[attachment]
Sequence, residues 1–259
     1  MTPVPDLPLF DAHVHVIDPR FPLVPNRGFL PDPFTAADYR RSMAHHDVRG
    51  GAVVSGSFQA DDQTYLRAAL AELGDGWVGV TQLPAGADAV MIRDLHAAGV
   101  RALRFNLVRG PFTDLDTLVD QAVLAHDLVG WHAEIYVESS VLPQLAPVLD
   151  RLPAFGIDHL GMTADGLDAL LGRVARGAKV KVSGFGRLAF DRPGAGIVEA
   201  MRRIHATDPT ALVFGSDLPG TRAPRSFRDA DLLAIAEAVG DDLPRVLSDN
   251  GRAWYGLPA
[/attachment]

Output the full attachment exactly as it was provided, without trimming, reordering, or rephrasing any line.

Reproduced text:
Sequence, residues 1–259
     1  MTPVPDLPLF DAHVHVIDPR FPLVPNRGFL PDPFTAADYR RSMAHHDVRG
    51  GAVVSGSFQA DDQTYLRAAL AELGDGWVGV TQLPAGADAV MIRDLHAAGV
   101  RALRFNLVRG PFTDLDTLVD QAVLAHDLVG WHAEIYVESS VLPQLAPVLD
   151  RLPAFGIDHL GMTADGLDAL LGRVARGAKV KVSGFGRLAF DRPGAGIVEA
   201  MRRIHATDPT ALVFGSDLPG TRAPRSFRDA DLLAIAEAVG DDLPRVLSDN
   251  GRAWYGLPA